In our world, people like to feel a sense of belonging, to fit into groups and into society. But there are also the people who want to be different (although that in itself is a category of it’s own). We all most certainly are unique in our personalities, experiences, emotional tendencies and triggers and, of course, intellect. In fact, no two people can ever be exactly the same. But let’s be real here. We can all be grouped as much as we hate to believe it.
Just as animals and plants can be classified into species and sub-categories that describe their appearance, structure, functional and physiological behaviours, we humans can also fit into categories. In the broadest form, we can be separated into obvious groupings of sex, size, height, eye colour, religion etc. all the way to more detailed ones that would be less visibly clear. These could be people’s food preferences, sports they like, or even how they react to situations – it all depends on what outcomes we are trying to learn about. But whatever the category, let’s be clear that this doesn’t mean that we can be judged by the categories we fall under.
What about groups where people strive to ‘feel good’ or generate higher emotions such as love, compassion and devotion? Or on the flip side, reduce negative emotions like hate, anger and resentment. All emotions we feel generate a chemical release from parts of the body, which in turn leads to a physical response. But at the same time the reverse is true – chemical imbalances in the body also trigger negative feelings and emotions.
So how can we increase the positive emotions that we feel? This is by keeping our bodies in balance and inducing the appropriate releases of the “feel good” chemicals – endorphin, oxytocin, serotonin and dopamine.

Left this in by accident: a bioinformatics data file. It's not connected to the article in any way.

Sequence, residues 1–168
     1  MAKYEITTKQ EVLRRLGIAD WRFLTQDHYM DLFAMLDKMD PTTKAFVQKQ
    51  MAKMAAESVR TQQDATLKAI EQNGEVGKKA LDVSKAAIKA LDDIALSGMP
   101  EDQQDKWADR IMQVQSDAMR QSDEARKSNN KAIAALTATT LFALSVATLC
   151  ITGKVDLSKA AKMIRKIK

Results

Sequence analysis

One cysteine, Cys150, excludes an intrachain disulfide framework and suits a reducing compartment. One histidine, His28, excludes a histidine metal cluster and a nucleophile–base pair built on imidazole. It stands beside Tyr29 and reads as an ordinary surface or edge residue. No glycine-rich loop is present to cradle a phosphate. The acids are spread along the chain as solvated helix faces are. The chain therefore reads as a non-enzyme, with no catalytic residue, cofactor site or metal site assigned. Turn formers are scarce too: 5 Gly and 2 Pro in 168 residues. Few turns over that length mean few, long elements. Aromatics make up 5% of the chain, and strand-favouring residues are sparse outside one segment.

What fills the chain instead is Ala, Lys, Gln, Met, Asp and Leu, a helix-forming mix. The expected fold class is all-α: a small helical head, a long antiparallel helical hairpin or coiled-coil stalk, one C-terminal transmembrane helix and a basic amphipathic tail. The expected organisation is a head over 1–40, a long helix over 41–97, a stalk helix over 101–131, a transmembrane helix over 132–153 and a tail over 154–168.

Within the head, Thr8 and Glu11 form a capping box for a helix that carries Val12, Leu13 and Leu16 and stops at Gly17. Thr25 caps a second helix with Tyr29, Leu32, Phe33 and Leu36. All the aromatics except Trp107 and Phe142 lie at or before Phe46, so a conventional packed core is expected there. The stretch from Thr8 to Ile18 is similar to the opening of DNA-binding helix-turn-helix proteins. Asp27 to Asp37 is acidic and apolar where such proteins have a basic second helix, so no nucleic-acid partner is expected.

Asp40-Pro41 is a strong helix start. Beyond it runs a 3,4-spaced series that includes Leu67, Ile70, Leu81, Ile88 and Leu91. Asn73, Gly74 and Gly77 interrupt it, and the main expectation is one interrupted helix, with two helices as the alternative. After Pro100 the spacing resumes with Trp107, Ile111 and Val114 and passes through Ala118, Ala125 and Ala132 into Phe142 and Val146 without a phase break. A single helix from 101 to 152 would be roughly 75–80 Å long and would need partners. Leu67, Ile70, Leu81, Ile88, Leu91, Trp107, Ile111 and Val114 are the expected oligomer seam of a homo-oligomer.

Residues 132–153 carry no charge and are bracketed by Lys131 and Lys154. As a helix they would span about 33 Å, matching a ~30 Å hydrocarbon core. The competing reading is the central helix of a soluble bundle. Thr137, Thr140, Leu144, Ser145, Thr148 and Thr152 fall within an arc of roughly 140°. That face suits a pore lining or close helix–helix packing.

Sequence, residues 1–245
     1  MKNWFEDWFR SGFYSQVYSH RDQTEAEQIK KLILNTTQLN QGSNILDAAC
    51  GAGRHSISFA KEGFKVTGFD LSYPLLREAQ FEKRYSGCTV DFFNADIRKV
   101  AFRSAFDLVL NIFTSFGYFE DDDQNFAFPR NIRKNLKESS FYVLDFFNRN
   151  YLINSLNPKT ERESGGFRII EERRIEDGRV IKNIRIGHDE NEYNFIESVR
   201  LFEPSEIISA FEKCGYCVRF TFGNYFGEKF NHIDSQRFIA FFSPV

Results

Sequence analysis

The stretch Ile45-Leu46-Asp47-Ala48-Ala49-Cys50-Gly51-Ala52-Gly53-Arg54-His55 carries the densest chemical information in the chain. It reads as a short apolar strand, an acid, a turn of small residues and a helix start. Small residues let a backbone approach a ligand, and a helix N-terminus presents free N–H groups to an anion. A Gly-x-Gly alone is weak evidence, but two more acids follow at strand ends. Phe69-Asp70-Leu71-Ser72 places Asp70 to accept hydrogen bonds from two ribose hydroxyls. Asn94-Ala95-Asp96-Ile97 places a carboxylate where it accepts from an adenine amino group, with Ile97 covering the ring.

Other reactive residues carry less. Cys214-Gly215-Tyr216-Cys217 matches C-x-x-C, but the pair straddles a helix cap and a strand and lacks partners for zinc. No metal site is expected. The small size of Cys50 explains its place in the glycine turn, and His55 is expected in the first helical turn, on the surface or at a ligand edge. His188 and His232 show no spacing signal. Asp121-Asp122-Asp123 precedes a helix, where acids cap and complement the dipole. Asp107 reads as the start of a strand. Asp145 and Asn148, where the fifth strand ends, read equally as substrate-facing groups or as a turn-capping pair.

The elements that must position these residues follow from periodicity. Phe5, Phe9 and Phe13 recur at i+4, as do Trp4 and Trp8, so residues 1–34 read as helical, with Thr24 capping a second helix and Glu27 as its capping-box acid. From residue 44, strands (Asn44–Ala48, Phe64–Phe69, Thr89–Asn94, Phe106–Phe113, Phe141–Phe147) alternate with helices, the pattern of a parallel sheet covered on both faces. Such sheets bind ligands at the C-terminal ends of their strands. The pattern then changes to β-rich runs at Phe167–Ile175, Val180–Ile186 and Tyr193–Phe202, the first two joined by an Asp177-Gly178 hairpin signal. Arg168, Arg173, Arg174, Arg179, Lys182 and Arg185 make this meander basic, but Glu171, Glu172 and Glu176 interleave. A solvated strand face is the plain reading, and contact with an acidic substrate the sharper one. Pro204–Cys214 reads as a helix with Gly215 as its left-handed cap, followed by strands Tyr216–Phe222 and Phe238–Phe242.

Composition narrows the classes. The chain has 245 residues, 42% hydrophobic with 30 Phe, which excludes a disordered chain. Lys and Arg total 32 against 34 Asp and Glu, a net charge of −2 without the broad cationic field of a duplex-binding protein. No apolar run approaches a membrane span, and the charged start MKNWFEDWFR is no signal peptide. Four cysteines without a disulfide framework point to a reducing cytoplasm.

We all know that there are multiple ways to achieve the same things, not just with feelings but in all areas of our lives. But for feelings and increasing our ‘vibes’, here are some ways in which people can be grouped together to reach the ultimate outcome of ‘feeling good’.
This is regardless of type of religion and just people who belong to any organised group of higher belief. Feelings generated are typically ones of devotion to one’s God (or Gods), compassion and forgiveness toward others, acts of kindness and mercy. In fact, a study in the U.S. showed that some religious activities activate the same parts of the brain as when people experience feelings of love and also when taking recreational drugs (dopamine – the feel-good chemical). Prayer also helps to clear the mind and detatch from stress, which regulates hormone levels and also allows the mind, body and spirit to connect.
But what is this all for, do you ask? In history, we have witnessed and scientifically explained many evolutionary stages in living things. And when it comes down to it, change is a necessary constant in order to adapt and survive. So if we look at the categories given above, and the need for all of us to ‘feel good’ and to ‘raise our vibes’, perhaps the question we should be directing ourselves at isn’t just how we raise our vibes, but also why are we all doing it and to what end? All living things follow behavioural patterns that were not necessarily taught to them. They likely don’t even know why they are taking certain actions, but just follow their innate instincts. It is only the human species that create thoughts from the mind that analyses what we do, how we do it, when we do it, and so forth. From these thoughts we then feel emotions that eventually impact our physical bodies. Now, if we take all of the groupings and understand that they all lead to same thing, of feeling good, perhaps we are not fully aware of the actual purpose we all have, and it is our own innate instincts to seek out ways to raise our vibrations. At the end of the day, we all choose the methods that work for us – but it’s nice to see that although we all have different methods, interests and abilities to do this, it may all be to the same end (or beginning).